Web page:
BIG Partnership

From Powerbase
(Redirected from Big Partnership)
Jump to: navigation, search
Big Partnership logo[1]


The Big Partnership is a Scottish PR firm named after the initials of the three founders, Alex Barr, Graham Isdale and Neil Gibson. Graham Isdale left the firm in April 2006 to set up GI Communications.[2] The Big Partnership [3] is one of the UK's largest PR firms. According to the 'PR Week' league table it ranks 2nd in Scotland and top 5 for the UK outside London. Turnover for 2005 exceeded £5m. (source: Big Partnership website [4])


Catchline Communications [5] is a sister company of The Big Partnership


This firm provides a range of PR services to clients including international consumer campaigns, crisis and reputation management, speech writing and media training.


Formed in 2000 by Alex Barr, Graham Isdale and Neil Gibson. The North of Scotland operation is headed by company director Zoe Corsi. Over 80 employees are are based in Big Partnership's Glasgow H.Q. In Scotland there are also offices in Edinburgh, Aberdeen and Inverness.


BIG Partnership was caught up in the National Semiconductor spy scandal in which trade union activist Jim McCourt was spied upon and assaulted. Beattie Media the PR firm employed by National Semiconductor was involved in drawing up a PR strategy to try and marginalise safety concerns about their plant in Greenock, Scotland. The principals of BIG worked for Beattie Media at the time and subsequently took Nationals Semiconductor with them when they left to found the BIG partnership.


Big Partnership's clients include:

The Scottish Executive spent £1.3m on information campaigns in 18 months to Feb 2006. The money was spent on just 4 firms including Consolidated Communications who received £600,808 (the greatest recipient of spending). £193,845 was paid to The Big Partnership for PR services. Sources: Aberdeen Press and Journal, 17th Feb 2006 and The Scotsman 18 Feb 2006.

The Big Partnership was employed by the Scottish Executive to promote the Carnegie Philanthropy Awards in 2005 [[6]]. The objective of the awards was described by George Reid, Presiding Officer at the Scottish Parliament as follows:

“Enterprise and compassion are fundamental Scottish values. Our new parliamentary campus has been created as a place of conversation with the wider world. The Carnegie Medal programme and awards will stimulate debate on how wealth creation can contribute to international peace, poverty reduction and sustainable development.” source [[7]].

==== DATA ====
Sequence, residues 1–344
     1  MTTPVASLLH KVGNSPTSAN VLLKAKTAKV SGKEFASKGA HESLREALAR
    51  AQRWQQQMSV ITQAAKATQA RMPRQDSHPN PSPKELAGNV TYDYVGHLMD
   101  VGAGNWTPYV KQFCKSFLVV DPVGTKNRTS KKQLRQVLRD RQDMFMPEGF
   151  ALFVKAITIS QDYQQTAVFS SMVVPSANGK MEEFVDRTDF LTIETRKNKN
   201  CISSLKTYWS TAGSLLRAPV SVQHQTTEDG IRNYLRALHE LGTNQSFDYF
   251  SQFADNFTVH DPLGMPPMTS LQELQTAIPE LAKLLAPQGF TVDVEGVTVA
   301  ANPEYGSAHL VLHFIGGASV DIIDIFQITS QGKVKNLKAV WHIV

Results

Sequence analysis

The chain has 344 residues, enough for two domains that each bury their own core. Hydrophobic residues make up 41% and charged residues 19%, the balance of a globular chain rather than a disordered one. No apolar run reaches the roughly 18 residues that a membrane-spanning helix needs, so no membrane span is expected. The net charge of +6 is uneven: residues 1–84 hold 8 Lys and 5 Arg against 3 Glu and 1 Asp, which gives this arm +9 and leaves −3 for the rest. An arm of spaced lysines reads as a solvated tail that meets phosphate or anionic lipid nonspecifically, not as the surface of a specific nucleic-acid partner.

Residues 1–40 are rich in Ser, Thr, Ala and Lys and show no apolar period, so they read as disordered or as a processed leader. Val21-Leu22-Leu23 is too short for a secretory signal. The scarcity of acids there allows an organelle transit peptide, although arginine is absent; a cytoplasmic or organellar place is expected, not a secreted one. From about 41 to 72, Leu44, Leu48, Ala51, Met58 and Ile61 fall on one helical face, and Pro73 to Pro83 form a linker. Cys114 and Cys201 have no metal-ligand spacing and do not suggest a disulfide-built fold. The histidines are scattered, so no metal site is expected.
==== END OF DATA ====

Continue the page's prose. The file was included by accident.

Previous winners include big business names such as Bill Gates of Microsoft, Lord Sainsbury of Sainsbury's supermarkets and Media Tycoon Bill Turner.

This would suggest that aim of the awards is to develop closer relationships with big business and stimulate wealth creation in Scotland. A measure of this may be to examine the sustainability achievements and business integrity of previous winners.

In 2004, Helen Clark died from Cancer which her husband 'Henry believes developed as a result of her job at the National Semiconductor plant in Greenock'. 'Helen Clark spent six years working in production at National Semiconductor, operating a machine baking compounds on to silicon wafers using arsine gas, which contains arsenic.' (The Herald, 27 December 2005).

The BIG partnership has represented media interests of Clydeport since August 2000. This includes unveiling the master plan of the £500million Glasgow Harbour project.

External Links & References

  1. ^ Photograph from the Big Partnershiphomepage, accessed 15 April 2007.
  2. ^Steven Vass 'Big shake-up sees Isdale leave with pay-off to start rival PR firm' Sunday Herald, 30 April 2006.
  3. ^ Rob Edwards, Environment Editor, NEWS; Pg. 5, 1184 words, Exposed: Scotland's filthiest companies; Polluters in 'roll of shame' Sunday Herald, July 24, 2005.
  4. ^ The Herald, Emma Seith 'Work killed my wife'; New research shows workplace-related cancers kill four times as many people as official figures show. Why is safety so lax?, Emma Seith, , 27 December 2005 (article not available online)
  5. ^ Aberdeen Press & Journal, 'Executive's ?1.3m bill on agencies', pg 11, 139 words, Friday 17 February 2006 (not available online)
  6. ^The Scotsman, Hamish Macdonell,'Executive spends GBP 1.3m on contracts for four PR companies', Thursday 16 February 2006 (not available online)
  7. ^ "The Scottish Parliament" Scottish Parliament Welcomes 'Home' to Scotland the Carnegie Philanthropy Awards, 4th February 2005